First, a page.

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View PhilLight's profile

Pipe Clamps

by PhilLight
posted 02-15-2018 04:40 PM


18 replies so far

View John Smith's profile

John Smith

1889 posts in 585 days


#1 posted 02-15-2018 04:51 PM

for me, it is all about the price.
black iron is cheaper than galvanized, and in my opinion, both perform the same.
and once you start “collecting” clamps – you will soon find you never have enough.
I purchase 10ft lengths and cut them in half for two 5 footers, the same with smaller pipe,
6ft = 2 3 footers, 4ft = 2 2 footers…... you can buy the threaded conduit couplings to make
clamps that are two city blocks long – limited only to your imagination and space.
with any metal clamp configuration, a strip of masking tape between the metal and wood
will prevent glue stains from the metal seeping into the wood .

jus my Dos Centavos

.

-- I am a painter. That's what I do. I paint things --

View johnstoneb's profile

johnstoneb

3117 posts in 2595 days


#2 posted 02-15-2018 04:55 PM

black pipe is cheaper.

-- Bruce, Boise, ID

View Andybb's profile

Andybb

1932 posts in 1026 days


#3 posted 02-15-2018 05:07 PM

Wouldn’t worry about the rust. You can wipe down the black pipe with acetone or some other solvent if it has residue on it. No need to spend the extra $ on galvanized IMO.

-- Andy - Seattle USA

View Bill White's profile

Bill White

5210 posts in 4383 days


#4 posted 02-15-2018 05:11 PM

The black pipe will allow the clamp mechanism to grip the pipe better unless the clamps have the “clutch” feature.
Bill

-- [email protected]

View Tennessee's profile

Tennessee

2901 posts in 2937 days


#5 posted 02-15-2018 05:17 PM

Agree with Bill.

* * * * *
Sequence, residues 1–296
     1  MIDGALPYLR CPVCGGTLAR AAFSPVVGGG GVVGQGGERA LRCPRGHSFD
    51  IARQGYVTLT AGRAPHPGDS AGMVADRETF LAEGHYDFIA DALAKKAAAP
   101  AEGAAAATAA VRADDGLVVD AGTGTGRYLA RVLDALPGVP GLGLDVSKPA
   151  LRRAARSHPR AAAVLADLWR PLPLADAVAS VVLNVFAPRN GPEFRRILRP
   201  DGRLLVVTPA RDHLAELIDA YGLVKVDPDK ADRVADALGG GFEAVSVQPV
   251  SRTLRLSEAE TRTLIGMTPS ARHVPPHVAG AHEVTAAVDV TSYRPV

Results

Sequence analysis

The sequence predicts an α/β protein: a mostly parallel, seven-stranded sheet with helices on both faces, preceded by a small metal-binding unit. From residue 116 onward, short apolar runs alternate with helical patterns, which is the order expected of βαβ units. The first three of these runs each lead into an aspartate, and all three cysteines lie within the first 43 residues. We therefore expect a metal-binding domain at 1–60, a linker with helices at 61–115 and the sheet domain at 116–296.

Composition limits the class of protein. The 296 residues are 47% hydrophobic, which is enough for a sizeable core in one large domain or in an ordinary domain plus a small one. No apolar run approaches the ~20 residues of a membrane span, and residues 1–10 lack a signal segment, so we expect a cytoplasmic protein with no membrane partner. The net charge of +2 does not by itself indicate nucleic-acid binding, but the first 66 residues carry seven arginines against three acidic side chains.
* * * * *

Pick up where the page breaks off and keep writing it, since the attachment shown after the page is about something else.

The zinc on the galvanized can actually allow the clutch plates to “slip” a bit over time, so you might clamp something up and come back an hour later to find that the clamp is not very well clamped.
I have not bought galvanized pipe in decades.

-- Tsunami Guitars and Custom Woodworking, Cleveland, TN

View Gene Howe's profile

Gene Howe

11638 posts in 3851 days


#6 posted 02-15-2018 05:18 PM

My pony clamps seem to grip black pipe better.

-- Gene 'The true soldier fights not because he hates what is in front of him, but because he loves what is behind him.' G. K. Chesterton

View Robert's profile

Robert

3441 posts in 1903 days


#7 posted 02-15-2018 05:25 PM

I’ve been using galv for many years and yes the galv pipe can become galled over time and slip.

But to me the biggest drawback is they can also leave a nasty black stain on a glue line that is very hard to get out..

-- Everything is a prototype thats why its one of a kind!!

View Mike_D_S's profile

Mike_D_S

595 posts in 2637 days


#8 posted 02-15-2018 05:42 PM

I don’t use a lot of pipe clamps, but my neighbor cleans up his and sprays a coat of rattle can lacquer on the pipe for his clamps once in a while. He says it helps keep them from rusting and prevents staining of the piece.

I don’t know if this is common, but he claims it works great.

Mike

-- No honey, that's not new, I've had that forever......

View CaptainSkully's profile

CaptainSkully

1610 posts in 3981 days


#9 posted 02-15-2018 06:00 PM

Make sure you bring a pair of gloves when you go to buy your black pipe. My hands got so oily from carrying them up to the checkout that I had to go wash my hands before I could pay.

-- You can't control the wind, but you can trim your sails

View 000's profile

000

2859 posts in 1322 days


#10 posted 02-15-2018 07:07 PM

My galv pipes are now junk. Too much slippage. There all gouged up.
Easy way to keep black pipe from leaving marks, don’t let them touch the wood.
I usually put 1/4” blocks to raise them up a little.
This also lets you get a rag under them to wipe glue, (if your a wiper)

View PhilLight's profile

PhilLight

12 posts in 679 days


#11 posted 02-15-2018 07:21 PM

Thank you all! I greatly appreciate the help. Where I was looking the price was the same but if galvanized pipe allows the clamp to slip that’s a deal breaker.